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Epstein’s This Week in Family Law | Overpayment

Provincial court judge found to have discretion to order the repayment of an overpayment of spousal support in recent decision.

Epstein’s This Week in Family Law

By: Philip Epstein

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Court Can Order Repayment of an Overpayment of Spousal Support

Czerlau v. Czerlau, 2015 CarswellOnt 2897 (Ont. S.C.J.): I would not have thought that there was much doubt of the right of a court to order a spouse to repay an amount of spousal support that was overpaid by the payor. The spousal support recipient in this case appealed an order made in the Ontario Court of Justice that required the recipient to repay an overpayment during a two-year period. The parties had entered into a separation agreement that had specific provisions for spousal support, and a formula for how support would work if the recipient earned specific amounts.

The support payor made specific support payments on a without prejudice basis. The separation agreement provided a mechanism for the calculation of any overpayment, but it had no mechanism for repayment of same. That may be a lesson for future drafters of these kinds of formula agreements.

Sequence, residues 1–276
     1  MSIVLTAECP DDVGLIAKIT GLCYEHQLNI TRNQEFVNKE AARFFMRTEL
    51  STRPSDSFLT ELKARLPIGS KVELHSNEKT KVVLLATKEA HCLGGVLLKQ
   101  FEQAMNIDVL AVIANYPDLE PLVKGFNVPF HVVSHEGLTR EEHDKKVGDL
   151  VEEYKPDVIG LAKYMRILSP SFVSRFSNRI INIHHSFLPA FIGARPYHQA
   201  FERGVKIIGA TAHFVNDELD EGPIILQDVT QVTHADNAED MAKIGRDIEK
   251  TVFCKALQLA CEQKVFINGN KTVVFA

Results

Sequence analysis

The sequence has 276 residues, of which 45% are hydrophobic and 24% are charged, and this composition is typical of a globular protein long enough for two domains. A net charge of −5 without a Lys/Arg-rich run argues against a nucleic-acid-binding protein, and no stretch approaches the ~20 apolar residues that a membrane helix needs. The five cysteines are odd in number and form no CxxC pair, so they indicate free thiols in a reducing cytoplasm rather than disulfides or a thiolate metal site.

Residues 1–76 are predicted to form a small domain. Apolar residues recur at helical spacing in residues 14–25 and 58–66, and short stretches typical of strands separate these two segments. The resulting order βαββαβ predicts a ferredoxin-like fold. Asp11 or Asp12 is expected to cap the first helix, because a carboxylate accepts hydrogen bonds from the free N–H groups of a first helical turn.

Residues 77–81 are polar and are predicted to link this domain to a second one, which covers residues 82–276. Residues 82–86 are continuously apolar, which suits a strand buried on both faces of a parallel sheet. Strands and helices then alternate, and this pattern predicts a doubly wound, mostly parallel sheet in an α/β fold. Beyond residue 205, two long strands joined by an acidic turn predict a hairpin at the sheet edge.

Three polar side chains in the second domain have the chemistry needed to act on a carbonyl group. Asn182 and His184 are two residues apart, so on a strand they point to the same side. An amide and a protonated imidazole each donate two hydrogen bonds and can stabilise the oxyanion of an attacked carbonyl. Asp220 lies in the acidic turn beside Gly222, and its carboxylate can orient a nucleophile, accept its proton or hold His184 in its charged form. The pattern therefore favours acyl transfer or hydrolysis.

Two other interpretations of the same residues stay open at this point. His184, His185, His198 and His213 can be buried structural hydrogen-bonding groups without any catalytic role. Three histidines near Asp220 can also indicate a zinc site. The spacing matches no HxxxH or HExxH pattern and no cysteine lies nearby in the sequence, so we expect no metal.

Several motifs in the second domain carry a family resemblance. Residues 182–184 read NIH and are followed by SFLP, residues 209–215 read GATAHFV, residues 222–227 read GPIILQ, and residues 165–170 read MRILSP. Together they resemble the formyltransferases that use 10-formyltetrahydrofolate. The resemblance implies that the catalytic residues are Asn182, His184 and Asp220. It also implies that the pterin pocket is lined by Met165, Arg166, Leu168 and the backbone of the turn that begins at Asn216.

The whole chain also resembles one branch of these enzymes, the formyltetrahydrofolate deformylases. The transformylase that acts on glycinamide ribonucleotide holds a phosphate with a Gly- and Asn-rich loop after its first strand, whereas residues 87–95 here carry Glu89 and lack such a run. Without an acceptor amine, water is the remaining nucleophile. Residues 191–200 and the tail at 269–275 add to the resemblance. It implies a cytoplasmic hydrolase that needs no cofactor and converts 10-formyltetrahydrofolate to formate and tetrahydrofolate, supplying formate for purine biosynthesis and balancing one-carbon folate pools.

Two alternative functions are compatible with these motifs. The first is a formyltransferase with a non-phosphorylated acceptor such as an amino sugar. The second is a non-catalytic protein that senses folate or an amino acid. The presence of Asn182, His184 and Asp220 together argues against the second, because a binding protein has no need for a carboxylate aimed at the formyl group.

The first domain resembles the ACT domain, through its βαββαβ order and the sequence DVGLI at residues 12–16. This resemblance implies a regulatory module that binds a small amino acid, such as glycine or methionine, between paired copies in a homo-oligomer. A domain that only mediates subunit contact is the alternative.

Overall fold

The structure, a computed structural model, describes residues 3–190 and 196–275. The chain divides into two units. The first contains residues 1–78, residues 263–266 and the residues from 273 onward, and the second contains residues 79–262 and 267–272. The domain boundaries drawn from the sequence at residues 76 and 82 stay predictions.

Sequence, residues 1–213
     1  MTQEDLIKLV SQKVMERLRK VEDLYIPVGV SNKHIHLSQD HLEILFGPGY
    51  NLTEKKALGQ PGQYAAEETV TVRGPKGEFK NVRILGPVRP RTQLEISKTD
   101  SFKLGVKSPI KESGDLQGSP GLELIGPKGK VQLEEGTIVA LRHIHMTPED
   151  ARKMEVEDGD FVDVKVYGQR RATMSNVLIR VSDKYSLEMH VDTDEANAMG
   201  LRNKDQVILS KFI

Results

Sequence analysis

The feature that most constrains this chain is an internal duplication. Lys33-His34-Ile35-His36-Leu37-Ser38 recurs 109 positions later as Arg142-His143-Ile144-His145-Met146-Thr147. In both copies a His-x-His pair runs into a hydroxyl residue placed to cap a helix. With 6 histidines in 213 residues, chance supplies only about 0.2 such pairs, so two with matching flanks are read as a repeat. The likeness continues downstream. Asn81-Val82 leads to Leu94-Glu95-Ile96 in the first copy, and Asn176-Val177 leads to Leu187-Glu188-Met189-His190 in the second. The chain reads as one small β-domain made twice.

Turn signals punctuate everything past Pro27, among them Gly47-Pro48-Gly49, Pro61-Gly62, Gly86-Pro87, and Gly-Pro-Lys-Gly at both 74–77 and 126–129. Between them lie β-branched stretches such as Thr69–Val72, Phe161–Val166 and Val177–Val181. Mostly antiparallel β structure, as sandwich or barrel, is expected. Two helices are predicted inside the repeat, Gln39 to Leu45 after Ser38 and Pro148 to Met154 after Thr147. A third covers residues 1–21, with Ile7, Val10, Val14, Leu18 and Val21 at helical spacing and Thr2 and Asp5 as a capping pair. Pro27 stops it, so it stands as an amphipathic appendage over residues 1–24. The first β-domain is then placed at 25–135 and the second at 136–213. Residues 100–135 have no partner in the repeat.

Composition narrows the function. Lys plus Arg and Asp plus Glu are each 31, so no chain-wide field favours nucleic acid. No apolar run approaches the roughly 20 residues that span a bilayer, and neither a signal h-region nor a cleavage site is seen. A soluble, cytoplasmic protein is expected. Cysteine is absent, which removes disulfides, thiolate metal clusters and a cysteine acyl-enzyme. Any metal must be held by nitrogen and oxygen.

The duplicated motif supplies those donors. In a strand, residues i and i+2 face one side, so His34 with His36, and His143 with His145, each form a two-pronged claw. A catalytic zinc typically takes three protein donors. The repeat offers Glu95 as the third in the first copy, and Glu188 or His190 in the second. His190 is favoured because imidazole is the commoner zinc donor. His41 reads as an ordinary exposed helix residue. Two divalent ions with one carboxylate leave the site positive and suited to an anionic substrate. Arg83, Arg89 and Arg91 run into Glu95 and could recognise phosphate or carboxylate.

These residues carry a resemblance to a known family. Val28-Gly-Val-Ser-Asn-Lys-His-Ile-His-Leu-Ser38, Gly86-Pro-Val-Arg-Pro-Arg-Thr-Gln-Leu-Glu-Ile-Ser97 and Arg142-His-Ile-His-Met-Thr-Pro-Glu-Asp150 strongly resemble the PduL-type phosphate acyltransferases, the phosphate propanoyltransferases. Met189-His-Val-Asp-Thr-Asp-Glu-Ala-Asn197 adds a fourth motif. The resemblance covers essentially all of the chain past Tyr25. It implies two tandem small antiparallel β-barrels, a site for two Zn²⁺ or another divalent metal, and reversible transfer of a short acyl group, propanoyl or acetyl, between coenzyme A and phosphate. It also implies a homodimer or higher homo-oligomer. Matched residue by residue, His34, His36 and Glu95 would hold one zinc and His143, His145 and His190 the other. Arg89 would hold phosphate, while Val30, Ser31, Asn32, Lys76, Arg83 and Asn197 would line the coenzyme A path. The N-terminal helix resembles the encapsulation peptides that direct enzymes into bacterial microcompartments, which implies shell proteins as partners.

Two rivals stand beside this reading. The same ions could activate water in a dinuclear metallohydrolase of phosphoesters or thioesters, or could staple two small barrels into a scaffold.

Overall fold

Since the agreement did not address a specific mechanism to deal with any overpayment, the Court found that it had the discretion to order repayment over two years. That seems to me to be eminently fair. I would have thought that the Court also had the discretion to order the immediate repayment. It seems to me that the provincial court judge acted entirely appropriately, and I am puzzled as to why the matter was further appealed. Given the history of how the parties had dealt with each other before with respect to formulaic payments, the provincial court judge exercised his discretion appropriately. The Ontario Court of Justice has jurisdiction to interpret the agreement because it was filed pursuant to section 35 of the Family Law Act and that triggers the Family Responsibility and Support Arrears Enforcement Act, as well as section 8 of that Act that allows a court to order repayment in whole or in part from a person who receives support after an obligation was terminated. That section also requires the court to consider the circumstances of each party. The trial judge did exactly that, and accordingly, the appeal was dismissed. No surprise here but a reminder about making sure that formulaic clauses are complete so that parties do not need to go to the expense of having a court interpret them.

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